The West African nation of Benin has inaugurated its new parliament following elections in which opposition parties were banned from taking part. The domination of the two parties supporting President Patrice Talon led to widespread demonstrations across the country. Police and military stepped up their surveillance of the National Assembly in the capital of Porto-Novo as the legislators returned on Thursday. Benin’s electoral commission had rejected candidates from opposition parties, saying they did not conform to the country’s new electoral code. The April 28 vote led to violent street demonstrations. Human rights groups said four people were killed. Authorities also blocked social media around the time of the vote in a bid to quash protesters from organizing online. Washington Post

Cameroon Crisis “More Alarming than Ever”
The United Nations must act to prevent further devastation from the escalating crisis in Cameroon, human rights groups said. Since 2016, worsening violence in Cameroon’s Northwest and Southwest regions has killed almost 2,000 people and displaced over 430,000 people. For years, the UN has remained largely silent about the crisis. Finally, however, the Security Council held an informal meeting on Monday to address the situation in the Central African country. Still, more needs to be done. “Security Council members should call on the government of Cameroon and leaders of armed separatist groups to end abuses against civilians in the Anglophone regions and hold those responsible for abuse accountable,” said Human Rights Watch’s (HRW) Central Africa director Lewis Mudge. “This…is an opportunity to remind abusers that the world is watching,” he added. IPS

Egypt’s Sinai: At Least 47 Fighters, 5 Troops Killed in Battle
Forty-seven fighters and five Egyptian soldiers were killed during Egypt’s ongoing military offensive in the restive Sinai Peninsula, where it is fighting Islamic State of Iraq and the Levant (ISIS). The fighters had “guns of different makes, ammunition, explosive devices in northern and central Sinai” in their possession, according to a video statement posted on Thursday on the armed forces’ social media accounts. One of the Egyptian troops killed included an officer, it said. As part of the wide-ranging operation to secure Egypt’s borders, 158 “criminal elements” were arrested. Al Jazeera

Ugandan Opposition Figure Says State Is Financially Strangling Him
Uganda’s government is hitting back at a pop star and opponent of President Yoweri Museveni by blocking his concerts and intimidating his business partners, the challenger said on Thursday. The singer-cum-lawmaker whose birth name is Robert Kyagulanyi but is universally known by his music moniker Bobi Wine, has rattled Museveni’s government with his growing support base since he joined politics two years ago. Wine, one of Uganda’s top singers who mostly belts out reggae and rap ballads, has many fans across East Africa and he is one of the top earning musicians in Uganda. He has said he intends to contest Uganda’s next presidential poll in 2021. Museveni, 74 and in power since 1986, is also expected to stand in the election. Security forces have cancelled at least 124 planned concerts since he joined parliament in 2017, Wine told Reuters in an interview at his home in a suburb in the northern outskirts of the capital Kampala. Reuters

Uganda Media in Court after Bobi Wine Coverage
Media groups are challenging a decision by the country’s communications regulator to remove dozens of senior journalists from their news management roles over coverage of music star turned politician Bobi Wine, whose real name is Kyagulanyi Ssentamu. Uganda Communications Commission (UCC) on April 30 directed 13 media organisations to suspend 39 producers, editors and heads of news, and submit all news and live-streamed content aired the day before. “On that day, Honorable Kyagulanyi was arrested, charged and taken to Luzira prison and media houses got those problems because of covering that,” said Charles James Ssenkubuge, one of the journalists suspended by the directive. Al Jazeera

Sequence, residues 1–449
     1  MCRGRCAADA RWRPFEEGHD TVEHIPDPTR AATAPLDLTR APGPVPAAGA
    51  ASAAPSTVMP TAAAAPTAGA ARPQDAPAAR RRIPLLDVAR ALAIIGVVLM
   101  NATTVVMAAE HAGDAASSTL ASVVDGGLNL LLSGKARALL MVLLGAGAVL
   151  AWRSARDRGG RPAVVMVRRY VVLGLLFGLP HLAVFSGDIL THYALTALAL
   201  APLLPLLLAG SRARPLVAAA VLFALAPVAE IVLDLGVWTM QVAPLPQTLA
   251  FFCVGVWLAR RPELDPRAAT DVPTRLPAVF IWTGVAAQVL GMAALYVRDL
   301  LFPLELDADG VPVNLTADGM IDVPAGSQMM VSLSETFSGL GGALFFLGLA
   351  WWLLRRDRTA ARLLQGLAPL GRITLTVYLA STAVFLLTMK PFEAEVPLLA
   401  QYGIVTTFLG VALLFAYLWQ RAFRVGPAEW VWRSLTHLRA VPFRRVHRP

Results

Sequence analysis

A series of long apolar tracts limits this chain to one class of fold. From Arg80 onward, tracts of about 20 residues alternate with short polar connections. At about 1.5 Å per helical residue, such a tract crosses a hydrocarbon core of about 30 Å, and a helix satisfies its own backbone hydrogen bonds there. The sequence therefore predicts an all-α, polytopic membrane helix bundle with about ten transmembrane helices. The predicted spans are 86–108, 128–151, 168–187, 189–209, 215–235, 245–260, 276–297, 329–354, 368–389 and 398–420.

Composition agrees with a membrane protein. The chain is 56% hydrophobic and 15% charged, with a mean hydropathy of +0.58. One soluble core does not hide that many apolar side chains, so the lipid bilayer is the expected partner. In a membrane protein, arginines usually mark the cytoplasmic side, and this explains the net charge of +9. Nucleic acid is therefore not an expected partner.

Malawi: Head-to-Head Race for the Presidency
Rigging fears, a rap song and the voice of Malawi’s youth are all elements in next week’s presidential election. Incumbent president Peter Mutharika is hoping to beat seven rivals to stay in office for a final term. With less than a week to go before Malawi holds tripartite elections to elect a president, members of parliament and local government councilors, the political temperature continues to rise. Eight candidates are vying for the southern African country’s top seat — and are accusing each other of scheming to manipulate the poll. President Peter Mutharika of the Democratic Progressive Party (DPP) is seeking reelection for a second and final five-year term. In 2014, the brother of deceased former president Bingu wa Mutharika defeated Joyce Banda who had planned to run for the presidency again this year, but withdrew her candidacy in March. Now Mutharika faces another rival from 2014: former Christian pastor Lazarus Chakwera, who heads the main opposition Malawi Congress Party (MCP) and is the opposition leader in the National Assembly. DW

Burundi Moves to Seize Assets of Opponents in Exile
Burundi’s Supreme Court has ordered the seizure of assets belonging to opposition activists in exile, the latest swipe in an internationally-condemned crackdown by President Pierre Nkurunziza’s government. The ruling applies to 32 politicians, rights campaigners and journalists living abroad, and also to nine military officers jailed in Burundi over a 2015 coup attempt, according to a statement by the prosecutor general and Supreme Court president. In power since 2005, Nkurunziza’s decision to stand for a third term in 2015 was denounced as illegal by the opposition, triggering protests and a failed uprising. Nearly half a million people have fled since the 54-year-old former sports teacher and ethnic Hutu guerrilla leader was re-elected then. Reuters